Have you viewed the show "Vikings" or another Viking-related movie or television show? I am sure you have, and so have I. Today's scheduled activity is one that I have been looking forward to for months. When visiting the Viking Village in Gudvangen, I felt like I took a journey back in time. This is a living history-style village, and I learned so much.



If you know me, you know I do not enjoy visiting museums. I lack the patience to read each tiny card delicately placed inside the glass case. My husband can spend hours upon hours going through and reading each valuable piece of information. For whatever reason, I can't do it, but show me someone dying wool and and tell me a story about how the color is obtained from urine turned to ammonia combined with a difficult to find wood and I'll remember it for years to come.  (Seriously, ask me how the Vikings produced blue yarn.)


As we arrived into the village, we were greeted by our guide.  He dressed in clothes simulating the Viking age and began to share how many movies produced in our current culture incorrectly portray the Viking lifestyle. The tour was designed to visit different areas within the village and explain the Viking culture. Boat building, weapon design, gods and their purpose, knitting and clothing production, how bad behavior was handled within the village, and more.


Day 5: Olden, Norway


Today, we disembarked the ship and walked into the small port town of Olden. Lots of cruise passengers had tickets to the Loen Skylift. The gondola attracts plenty of visitors every year and is the main attraction within the town.


As we neared the attraction, we noticed the extremely long line of people wrapped around the parking lot. (We had not purchased tickets in advance and learned a lesson: Purchase a ticket in advance if you want to see the area from above.) We observed the line and it was moving slowly. Our interest began to wane. My husband and I decided to take a walk and found several young men paragliding. This was fun to watch!


Day 6: Andalsnes, Norway

This morning, the ship arrived at the port of Andalsnes. My activity for the day? I'm heading out to Trollstigen to lay my eyes on the most famous stretch of road in Norway. Trollstigen is also known as the "troll road." Yes, I said Troll Road. Norwegians have a great many tales about trolls, and it seems that each tour guide has a story. Each store we enter has a troll at the entrance.



Here is what I've learned about trolls: Once upon a time, these creatures roamed freely in the vast lands of Norway through the mountains and forests. Trolls only went out at night to scavenge and scare those people who were roaming around. There was only one thing that could scare a troll: The sunlight. If the trolls were not hiding before the first rays of sunlight appeared, they would be turned to stone. That is why you can still see their faces and bodies carved into the mountain sides, cliffs and stones all around the country even today.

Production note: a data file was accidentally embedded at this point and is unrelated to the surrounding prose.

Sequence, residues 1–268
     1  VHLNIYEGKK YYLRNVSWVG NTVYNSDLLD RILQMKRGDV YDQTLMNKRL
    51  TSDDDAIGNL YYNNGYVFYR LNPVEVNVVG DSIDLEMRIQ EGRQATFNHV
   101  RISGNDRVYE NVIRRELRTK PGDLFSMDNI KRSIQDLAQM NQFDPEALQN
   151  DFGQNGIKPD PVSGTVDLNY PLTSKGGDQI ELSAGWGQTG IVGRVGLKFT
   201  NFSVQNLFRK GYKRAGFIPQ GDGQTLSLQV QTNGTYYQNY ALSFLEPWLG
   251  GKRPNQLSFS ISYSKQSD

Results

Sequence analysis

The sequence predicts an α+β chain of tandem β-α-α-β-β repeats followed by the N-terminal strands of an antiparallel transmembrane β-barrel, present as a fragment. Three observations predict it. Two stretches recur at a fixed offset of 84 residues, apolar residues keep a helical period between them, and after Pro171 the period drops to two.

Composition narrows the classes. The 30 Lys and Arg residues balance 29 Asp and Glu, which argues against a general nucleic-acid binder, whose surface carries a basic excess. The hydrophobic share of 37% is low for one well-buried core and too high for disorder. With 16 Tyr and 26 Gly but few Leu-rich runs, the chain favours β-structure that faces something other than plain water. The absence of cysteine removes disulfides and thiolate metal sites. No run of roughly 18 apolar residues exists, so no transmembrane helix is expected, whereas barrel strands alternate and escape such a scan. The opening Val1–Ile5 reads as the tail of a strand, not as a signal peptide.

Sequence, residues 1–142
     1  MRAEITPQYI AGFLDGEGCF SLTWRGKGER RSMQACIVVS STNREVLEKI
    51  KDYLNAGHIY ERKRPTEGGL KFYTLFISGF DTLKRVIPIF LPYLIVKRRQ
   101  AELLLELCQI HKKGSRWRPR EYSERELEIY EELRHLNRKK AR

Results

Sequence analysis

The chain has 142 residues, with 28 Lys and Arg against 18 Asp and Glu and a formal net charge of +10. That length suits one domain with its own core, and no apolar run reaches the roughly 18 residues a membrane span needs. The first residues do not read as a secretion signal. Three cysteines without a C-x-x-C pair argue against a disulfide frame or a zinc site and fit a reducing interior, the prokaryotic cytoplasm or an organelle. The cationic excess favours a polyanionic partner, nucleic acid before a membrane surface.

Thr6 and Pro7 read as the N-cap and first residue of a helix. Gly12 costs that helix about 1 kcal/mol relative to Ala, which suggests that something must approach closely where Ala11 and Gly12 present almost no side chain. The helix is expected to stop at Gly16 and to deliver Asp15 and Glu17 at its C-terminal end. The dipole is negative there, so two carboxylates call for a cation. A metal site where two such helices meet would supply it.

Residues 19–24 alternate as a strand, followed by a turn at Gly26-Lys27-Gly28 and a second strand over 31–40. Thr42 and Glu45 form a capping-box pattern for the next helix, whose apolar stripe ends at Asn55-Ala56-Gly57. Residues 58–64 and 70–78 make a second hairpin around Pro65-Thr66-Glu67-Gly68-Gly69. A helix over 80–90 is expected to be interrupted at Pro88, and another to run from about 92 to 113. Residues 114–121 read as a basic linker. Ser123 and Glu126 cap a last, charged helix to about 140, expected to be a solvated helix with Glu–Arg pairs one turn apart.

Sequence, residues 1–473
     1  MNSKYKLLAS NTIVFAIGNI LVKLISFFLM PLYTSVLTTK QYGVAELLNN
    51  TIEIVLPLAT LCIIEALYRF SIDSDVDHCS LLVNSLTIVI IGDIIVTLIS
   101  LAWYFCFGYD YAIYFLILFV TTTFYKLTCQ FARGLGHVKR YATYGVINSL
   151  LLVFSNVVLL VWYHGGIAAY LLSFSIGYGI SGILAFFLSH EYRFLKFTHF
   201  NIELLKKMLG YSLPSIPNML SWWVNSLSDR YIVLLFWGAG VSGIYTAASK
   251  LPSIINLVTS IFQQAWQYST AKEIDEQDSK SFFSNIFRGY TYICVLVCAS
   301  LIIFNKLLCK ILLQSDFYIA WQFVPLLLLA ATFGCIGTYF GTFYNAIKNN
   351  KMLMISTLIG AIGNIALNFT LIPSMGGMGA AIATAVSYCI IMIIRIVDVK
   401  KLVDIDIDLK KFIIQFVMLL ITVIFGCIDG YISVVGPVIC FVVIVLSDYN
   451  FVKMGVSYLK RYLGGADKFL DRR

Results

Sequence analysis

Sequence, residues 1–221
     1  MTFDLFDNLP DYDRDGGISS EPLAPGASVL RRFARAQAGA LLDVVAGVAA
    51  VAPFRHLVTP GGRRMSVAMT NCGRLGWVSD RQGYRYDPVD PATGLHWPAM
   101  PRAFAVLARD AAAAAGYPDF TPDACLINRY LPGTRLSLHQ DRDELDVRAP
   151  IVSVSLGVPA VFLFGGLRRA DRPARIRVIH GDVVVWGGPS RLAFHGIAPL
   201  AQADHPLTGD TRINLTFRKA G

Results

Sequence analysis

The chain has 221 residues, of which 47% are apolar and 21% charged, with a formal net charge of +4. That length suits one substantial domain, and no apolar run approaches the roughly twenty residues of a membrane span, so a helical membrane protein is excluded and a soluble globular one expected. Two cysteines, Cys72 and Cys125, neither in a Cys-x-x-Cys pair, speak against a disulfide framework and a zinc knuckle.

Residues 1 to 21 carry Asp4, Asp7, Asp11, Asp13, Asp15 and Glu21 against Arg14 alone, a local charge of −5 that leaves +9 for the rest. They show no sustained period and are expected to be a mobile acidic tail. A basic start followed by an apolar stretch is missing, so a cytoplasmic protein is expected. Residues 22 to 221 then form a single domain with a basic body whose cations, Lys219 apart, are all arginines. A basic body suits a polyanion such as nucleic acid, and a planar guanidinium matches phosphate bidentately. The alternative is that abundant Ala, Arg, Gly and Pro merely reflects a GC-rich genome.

Off I go in search of Trollstigen! Our motorcoach driver and tour guide announced a special lunch stop today as we ventured out of Andalsnes. The quaint lunch spot was located in a valley well known for its strawberries. Upon entering the eatery, a lovely buffet was prepared and laid out for hungry guests. We dined on thick slices of bread, a hearty Norwegian fish dish, battered fried pork chops, deviled eggs, salad, and a mixed strawberry and cranberry compote.


After lunch, we proceeded to ride toward Trollstigen and I noticed the clouds were not lifting. Our day began cloudy, but this is not unusual for Norway. Every day began with thick, gray clouds hanging in the air. By noonish, the wind blew the clouds away, and the sun appeared for short periods of time. As we drew near the troll road, constant rain began to patter onto the bus roof. But friends, nothing was going to stop me from going to the Trollstigen Overlook - not even pouring rain.



As the rain began to shower from the heavens more intensely, I noticed lots of people did not want to get wet. They stayed in their cars and on the buses, trying to wait out the weather. This was the perfect time for me to go. I headed off the bus and moved with a purpose. I walked a short distance then trudged carefully down 130 steps to the overlook protruding out over the mountain wall. (Yes, I counted the steps.)


I came from across the globe to see the winding road that snaked down the mountain. Rain and stairs were not going to deter me. Note, the overlook is the only place you can see the road. You must stand on the platform in order to gain a full view.



After I took my pictures, I headed back to the bus to dry out and prepare for the ride DOWN the mountain on the troll road. Our bus driver was an expert and navigated the road with ease, however the tourists who rented small camper vans often caused bottlenecks with their lack of experience in driving on a road that is barely more than one lane wide.


We are traveling in mid-August. Weather-wise, this has been the only day we've had much rain. For the most part, it sprinkles for 10-15 minutes and passes on. The temperatures range from 50-65 degrees Fahrenheit, depending on our location as we move north.